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Discussion Starter #1
I have a model 10/110 trophy hunter that is a .308 and I wonder if the inside of the barrel is chrome lined. I talked to a guy at a gun shop and he said its chrome lined and that getting the barrel hot causes wear on it and other problems such as accuracy loss. I know I asked before on here about can a gun lose its accuracy from the barrel getting hot but Im just trying to figure out if the inside of the barrel is chrome lined. I thought assault rifles and ak's were but not bolt action hunting rifles. Also can I get a bull barrel for the gun or that would be too much trouble to so when Im shooting and the barrel gets hot that it wont cause any wear or damage down the line because of the heat? Also how much do you think a bull barrel would cost for the gun? Thanks
 

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I don't have a 110 but I do have comparable Remingtons, Rugers, Winchesters and CZ's and NONE of them are chrome lined.

Chrome lining is a protection against corrosive primers.
Modern sporting ammo does not use corrosive primers.

Also, if the bore is clean you should be able to just visually detect it being chrome lined or not.
 

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Years ago I had a 10 and it didnt have the chrome lined barrel and cant think of any factory barreles that do, on the Savage's. Might be a barrel change on your rifle if it is indeed chrome lined?
 

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Discussion Starter #5
but from what i heard the loss of accuracy goes when you get the barrel hot but returns when it cools, i still want a bull barrel
 
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Yes as the barrel heats up it can have stress points in the metal that would then change the harmonics and may (Even though you can't see it) change the shape of the barrel like bending it up a little.

Bull barrels don't have this problem as much as hunting rifles. But my bull barreled Rem 700 VLS in 223 weights in at 13# as outfitted for the field. My deer rifle is only 8.5#.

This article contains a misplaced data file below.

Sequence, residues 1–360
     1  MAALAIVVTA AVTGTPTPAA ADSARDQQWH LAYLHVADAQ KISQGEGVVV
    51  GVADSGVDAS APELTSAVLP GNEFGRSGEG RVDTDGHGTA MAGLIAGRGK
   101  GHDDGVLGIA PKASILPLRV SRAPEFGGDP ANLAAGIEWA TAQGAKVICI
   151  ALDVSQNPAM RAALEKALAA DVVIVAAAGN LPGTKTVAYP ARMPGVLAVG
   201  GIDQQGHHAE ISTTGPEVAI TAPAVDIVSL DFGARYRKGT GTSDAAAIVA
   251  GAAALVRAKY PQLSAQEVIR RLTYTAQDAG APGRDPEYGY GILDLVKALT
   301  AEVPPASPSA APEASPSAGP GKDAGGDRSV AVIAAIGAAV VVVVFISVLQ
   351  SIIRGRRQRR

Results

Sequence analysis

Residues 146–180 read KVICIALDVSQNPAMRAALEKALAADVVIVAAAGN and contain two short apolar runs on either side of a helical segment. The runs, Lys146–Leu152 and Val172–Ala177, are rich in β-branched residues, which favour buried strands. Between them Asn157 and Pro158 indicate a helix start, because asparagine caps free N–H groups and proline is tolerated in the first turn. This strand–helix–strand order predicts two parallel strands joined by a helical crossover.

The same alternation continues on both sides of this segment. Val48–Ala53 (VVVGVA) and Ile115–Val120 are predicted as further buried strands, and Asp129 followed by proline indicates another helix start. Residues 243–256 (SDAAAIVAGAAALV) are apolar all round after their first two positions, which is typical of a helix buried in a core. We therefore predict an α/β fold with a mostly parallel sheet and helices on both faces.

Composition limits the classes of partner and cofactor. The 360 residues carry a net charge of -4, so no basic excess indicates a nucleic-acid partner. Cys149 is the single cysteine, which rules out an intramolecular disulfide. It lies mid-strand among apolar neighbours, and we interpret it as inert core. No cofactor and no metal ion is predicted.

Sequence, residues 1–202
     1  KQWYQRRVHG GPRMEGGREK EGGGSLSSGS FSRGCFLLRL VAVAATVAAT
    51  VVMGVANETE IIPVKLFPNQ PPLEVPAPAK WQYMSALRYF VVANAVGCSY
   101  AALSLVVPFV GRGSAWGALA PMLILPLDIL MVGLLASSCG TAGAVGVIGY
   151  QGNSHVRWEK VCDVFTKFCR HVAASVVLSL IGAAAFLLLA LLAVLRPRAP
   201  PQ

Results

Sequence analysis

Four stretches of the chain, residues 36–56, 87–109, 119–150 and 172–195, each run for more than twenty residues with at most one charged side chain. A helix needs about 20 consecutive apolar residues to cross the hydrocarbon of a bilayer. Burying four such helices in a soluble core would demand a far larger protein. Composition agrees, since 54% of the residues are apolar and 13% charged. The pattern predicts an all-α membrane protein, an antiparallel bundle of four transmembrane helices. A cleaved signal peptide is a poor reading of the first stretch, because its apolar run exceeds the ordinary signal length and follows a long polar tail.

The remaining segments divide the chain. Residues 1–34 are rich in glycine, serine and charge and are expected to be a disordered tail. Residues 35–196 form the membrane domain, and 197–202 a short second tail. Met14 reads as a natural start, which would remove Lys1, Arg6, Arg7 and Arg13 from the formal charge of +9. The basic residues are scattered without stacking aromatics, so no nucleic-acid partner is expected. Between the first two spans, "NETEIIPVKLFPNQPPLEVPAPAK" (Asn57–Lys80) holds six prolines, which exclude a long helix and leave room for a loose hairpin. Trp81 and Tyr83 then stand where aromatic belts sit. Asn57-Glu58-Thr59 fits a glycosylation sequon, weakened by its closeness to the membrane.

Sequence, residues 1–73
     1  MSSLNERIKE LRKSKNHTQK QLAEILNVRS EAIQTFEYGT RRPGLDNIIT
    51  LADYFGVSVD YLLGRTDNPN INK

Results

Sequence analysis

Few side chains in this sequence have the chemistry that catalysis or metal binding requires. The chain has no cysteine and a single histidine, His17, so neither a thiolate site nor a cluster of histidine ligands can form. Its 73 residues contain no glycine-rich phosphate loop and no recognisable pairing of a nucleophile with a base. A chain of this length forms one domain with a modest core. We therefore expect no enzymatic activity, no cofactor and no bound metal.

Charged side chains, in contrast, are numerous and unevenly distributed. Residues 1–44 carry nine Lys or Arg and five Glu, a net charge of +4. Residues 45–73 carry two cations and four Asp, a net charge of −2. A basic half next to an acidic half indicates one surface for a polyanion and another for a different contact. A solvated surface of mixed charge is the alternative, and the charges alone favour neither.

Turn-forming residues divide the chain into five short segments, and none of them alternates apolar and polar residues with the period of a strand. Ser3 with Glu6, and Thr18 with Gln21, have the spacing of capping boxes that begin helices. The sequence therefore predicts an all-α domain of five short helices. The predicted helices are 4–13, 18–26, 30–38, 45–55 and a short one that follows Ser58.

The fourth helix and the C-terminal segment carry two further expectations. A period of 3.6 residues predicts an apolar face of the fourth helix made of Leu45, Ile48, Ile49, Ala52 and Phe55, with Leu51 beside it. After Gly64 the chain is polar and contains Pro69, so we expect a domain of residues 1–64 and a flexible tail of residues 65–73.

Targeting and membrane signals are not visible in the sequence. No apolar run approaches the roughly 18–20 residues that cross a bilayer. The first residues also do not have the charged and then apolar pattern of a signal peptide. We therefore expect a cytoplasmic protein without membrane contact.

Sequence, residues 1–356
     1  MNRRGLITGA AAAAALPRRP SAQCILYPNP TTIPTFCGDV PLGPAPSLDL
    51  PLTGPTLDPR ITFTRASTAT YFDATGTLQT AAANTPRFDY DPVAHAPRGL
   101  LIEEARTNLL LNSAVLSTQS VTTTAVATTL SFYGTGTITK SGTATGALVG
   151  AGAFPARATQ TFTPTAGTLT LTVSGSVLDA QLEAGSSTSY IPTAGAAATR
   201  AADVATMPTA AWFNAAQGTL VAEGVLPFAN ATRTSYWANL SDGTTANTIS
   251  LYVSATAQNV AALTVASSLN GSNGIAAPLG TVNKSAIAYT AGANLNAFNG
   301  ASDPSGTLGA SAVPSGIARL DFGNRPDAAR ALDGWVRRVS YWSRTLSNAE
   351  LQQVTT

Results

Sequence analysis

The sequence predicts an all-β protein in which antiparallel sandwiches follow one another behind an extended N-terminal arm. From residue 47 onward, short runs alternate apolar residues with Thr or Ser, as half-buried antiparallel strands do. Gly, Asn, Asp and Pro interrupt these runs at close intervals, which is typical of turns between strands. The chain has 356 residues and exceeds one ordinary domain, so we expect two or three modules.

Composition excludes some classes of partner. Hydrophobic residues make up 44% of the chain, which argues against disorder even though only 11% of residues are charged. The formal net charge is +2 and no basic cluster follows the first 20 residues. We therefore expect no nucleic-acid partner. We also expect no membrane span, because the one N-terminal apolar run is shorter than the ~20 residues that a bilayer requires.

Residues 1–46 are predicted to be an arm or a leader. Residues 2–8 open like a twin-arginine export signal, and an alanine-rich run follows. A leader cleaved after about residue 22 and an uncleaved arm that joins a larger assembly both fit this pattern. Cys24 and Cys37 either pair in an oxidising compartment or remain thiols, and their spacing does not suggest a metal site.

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Your barrel isnt chrome lined GR.

A new Bull barrel will run you about 250+ for a good one.
 

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With regard to the barrel question, chromed bores have been used for quite a while in bolt guns, the Japanese Arisaka is an example. To make a chromed barrel the barrel is cut differently and plated (.002 to .005 from memory) with chrome; if a "normal" barrel was chromed there would be a irregular and thinner plating that would likely peel and also ruin accuracy.
A barrel built for chrome would be somewhat easier to clean due to the less porus chromium plating.
Any barrel will distort when heated, sorry but that is a physical fact; some barrels (sporter profile/thin barrels notably) heat faster mainly because they are thinner. Heavier bull barrels heat slower; accuracy can be impaired by the un-even stresses caused during forging and or drilling and cutting the bore.

In short, a chrome barrel can be very desirable; but, would not be any less accurate than another of a different type.
Do be careful fitting a bull barrel, as mentioned above they do add a bit of weight and can make a rifle noticeably off balance.

Wear in a chrome bore is not really different than any other barrel in the sense that when the hole gets bigger accuracy falls off.
 

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At the risk of sounding stupid, wouldn't it take a great deal of repititious firing to put the average barrel at risk of heat damage? I can't imagine myself ever firing up those conditions but I also have to say I don't know for sure what that "condition" is. To me though, a normal shoot varies of course but I think the worst would be say .308, 4 in the mag, 1 in the chamber and if I pop'em off in 20 seconds I'm hurying. Then have a peek through the field glasses before I reload. If I shoot again in 5 or less minutes then I'm still hurrying and I don't hury.